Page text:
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The Great Impersonation

103 pages
Publié par :
Ajouté le : 08 décembre 2010
Lecture(s) : 16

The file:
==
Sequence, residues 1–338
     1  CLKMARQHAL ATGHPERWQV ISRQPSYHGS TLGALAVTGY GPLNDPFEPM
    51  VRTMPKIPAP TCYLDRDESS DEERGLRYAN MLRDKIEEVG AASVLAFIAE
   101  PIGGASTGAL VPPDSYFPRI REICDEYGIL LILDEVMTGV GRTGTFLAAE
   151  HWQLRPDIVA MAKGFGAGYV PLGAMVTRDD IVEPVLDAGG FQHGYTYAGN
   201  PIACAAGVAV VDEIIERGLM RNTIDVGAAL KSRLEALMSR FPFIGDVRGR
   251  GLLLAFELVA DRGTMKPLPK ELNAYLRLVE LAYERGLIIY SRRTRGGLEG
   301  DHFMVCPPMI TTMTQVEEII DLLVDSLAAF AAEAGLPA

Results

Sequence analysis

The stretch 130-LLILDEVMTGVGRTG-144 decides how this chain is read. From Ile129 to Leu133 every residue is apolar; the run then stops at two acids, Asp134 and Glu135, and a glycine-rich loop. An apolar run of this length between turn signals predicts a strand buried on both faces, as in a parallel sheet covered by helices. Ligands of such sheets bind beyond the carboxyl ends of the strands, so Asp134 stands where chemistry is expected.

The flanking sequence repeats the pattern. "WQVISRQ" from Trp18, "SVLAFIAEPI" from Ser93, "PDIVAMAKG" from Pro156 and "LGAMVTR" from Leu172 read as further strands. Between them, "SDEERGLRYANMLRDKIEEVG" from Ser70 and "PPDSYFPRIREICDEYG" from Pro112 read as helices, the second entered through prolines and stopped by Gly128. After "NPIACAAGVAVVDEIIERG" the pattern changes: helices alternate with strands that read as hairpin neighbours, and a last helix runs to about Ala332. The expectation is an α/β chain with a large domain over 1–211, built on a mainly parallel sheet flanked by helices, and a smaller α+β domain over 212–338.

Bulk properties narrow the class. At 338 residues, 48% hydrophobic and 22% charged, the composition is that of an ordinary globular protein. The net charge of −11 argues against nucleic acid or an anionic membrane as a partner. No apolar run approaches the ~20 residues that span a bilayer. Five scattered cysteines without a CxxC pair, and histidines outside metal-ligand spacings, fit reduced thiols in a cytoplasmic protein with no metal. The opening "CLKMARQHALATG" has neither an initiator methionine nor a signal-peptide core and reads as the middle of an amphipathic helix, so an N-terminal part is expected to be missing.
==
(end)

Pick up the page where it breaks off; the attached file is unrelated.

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Project Gutenberg's The Great Impersonation, by E. Phillips Oppenheim This eBook is for the use of anyone anywhere at no cost and with almost no restrictions whatsoever. You may copy it, give it away or re-use it under the terms of the Project Gutenberg License included with this eBook or online at Title: The Great Impersonation Author: E. Phillips Oppenheim Release Date: April 22, 2006 [EBook #5815] Language: English Character set encoding: ASCII *** START OF THIS PROJECT GUTENBERG EBOOK THE GREAT IMPERSONATION *** Produced by Dagny; John Bickers; David Widger THE GREAT IMPERSONATION By E. Phillips Oppenheim First published 1920. Contents CHAPTER I CHAPTER II CHAPTER III CHAPTER IV CHAPTER V CHAPTER VI CHAPTER VII CHAPTER VIII CHAPTER IX XI CHAPTER XII CHAPTER XIII CHAPTER XIV CHAPTER XV CHAPTER XVI CHAPTER XVII CHAPTER XVIII CHAPTER XIX CHAPTER CHAPTER XXI CHAPTER XXII CHAPTER XXIII CHAPTER XXIV CHAPTER XXV CHAPTER XXVI CHAPTER XXVII CHAPTER XXVIII CHAPTER IX CHAPTER X XIX CHAPTER XX XXIX THE GREAT IMPERSONATION CHAPTER I The trouble from which great events were to come began when Everard Dominey, who had been fighting his way through the scrub for the last three quarters of an hour towards those thin, spiral wisps of smoke, urged his pony to a last despairing effort and came crashing through the great oleander shrub to pitch forward on his head in the little clearing. It developed the next morning, when he found himself for the first time for many months on the truckle bed, between linen sheets, with a cool, bamboo-twisted roof between him and the relentless sun. He raised himself a little in the bed. "Where the mischief am I?" he demanded. A black boy, seated cross-legged in the entrance of the banda, rose to his feet, mumbled something and disappeared. In a few moments the tall, slim figure of a European, in spotless white riding clothes, stooped down and came over to Dominey's side. "You are better?" he enquired politely. "Yes, I am," was the somewhat brusque rejoinder. "Where the mischief am I, and who are you?" The newcomer's manner stiffened. He was a person of dignified carriage, and his tone conveyed some measure of rebuke. "You are within half a mile of the Iriwarri River, if you know where that is," he replied,—"about seventy-two miles southeast of the Darawaga Settlement." "The devil! Then I am in German East Africa?" "Without a doubt." "And you are German?" "I have that honour." Dominey whistled softly. "Awfully sorry to have intruded," he said. "I left Marlinstein two and a half months ago, with twenty boys and plenty of stores. We were doing a big trek after lions. I took some new Askaris in and they made trouble,—looted the stores one night and there was the devil to pay. I was obliged to shoot one or two, and the rest deserted. They took my compass, damn them, and I'm nearly a hundred miles out of my bearings. You couldn't give me a drink, could you?" "With pleasure, if the doctor approves," was the courteous answer. "Here, Jan!" The boy sprang up, listened to a word or two of brief command in his own language, and disappeared through the hanging grass which led into another hut. The two men exchanged glances of rather more than ordinary interest. Then Dominey laughed. "I know what you're thinking," he said. "It gave me quite a start when you came in. We're devilishly alike, aren't we?" "There is a very strong likeness between us," the other admitted. Dominey leaned his head upon his hand and studied his host. The likeness was clear enough, although the advantage was all in favour of the man who stood by the side of the camp bedstead with folded arms. Everard Dominey, for the first twenty-six years of his life, had lived as an ordinary young Englishman of his position,—Eton, Oxford, a few years in the Army, a few years about town, during which he had succeeded in making a still more hopeless muddle of his already encumbered estates: a few months of tragedy, and then a blank. Afterwards ten years—at first in the cities, then in the dark places of Africa—years of which no man knew anything. The Everard Dominey of ten years ago had been, without a doubt, good-looking. The finely shaped features remained, but the eyes had lost their lustre, his figure its elasticity, his mouth its firmness. He had the look of a man run prematurely to seed, wasted by fevers and dissipation. Not so his present companion. His features were as finely shaped, cast in an even stronger though similar mould. His eyes were bright and full of fire, his mouth and chin firm, bespeaking a man of deeds, his tall figure lithe and supple. He had the air of being in perfect health, in perfect mental and physical condition, a man who lived with dignity and some measure of content, notwithstanding the slight gravity of his expression. "Yes," the Englishman muttered, "there's no doubt about the likeness, though I suppose I should look more like you than I do if I'd taken care of myself. But I haven't. That's the devil of it. I've gone the other way; tried to chuck my life away and pretty nearly succeeded, too." The dried grasses were thrust on one side, and the doctor entered,—a little round man, also clad in immaculate white, with yellow-gold hair and thick spectacles. His countryman pointed towards the bed. "Will you examine our patient, Herr Doctor, and prescribe for him what is necessary? He has asked for drink. Let him have wine, or whatever is good for him. If he is well enough, he will join our evening meal. I present my excuses. I have a despatch to write." The man on the couch turned his head and watched the departing figure with a shade of envy in his eyes. "What is my preserver's name?" he asked the doctor. The latter looked as though the questions were irreverent. "It is His Excellency the Major-General Baron Leopold Von Ragastein." "All that!" Dominey muttered. "Is he the Governor, or something of that sort?" "He is Military Commandant of the Colony," the doctor replied. "He has also a special mission here." "Damned fine-looking fellow for a German," Dominey remarked, with unthinking insolence. The doctor was unmoved. He was feeling his patient's pulse. He concluded his examination a few minutes later. "You have drunk much whisky lately, so?" he asked. "I don't know what the devil it's got to do with you," was the curt reply, "but I drink whisky whenever I can get it. Who wouldn't in this pestilential climate!" The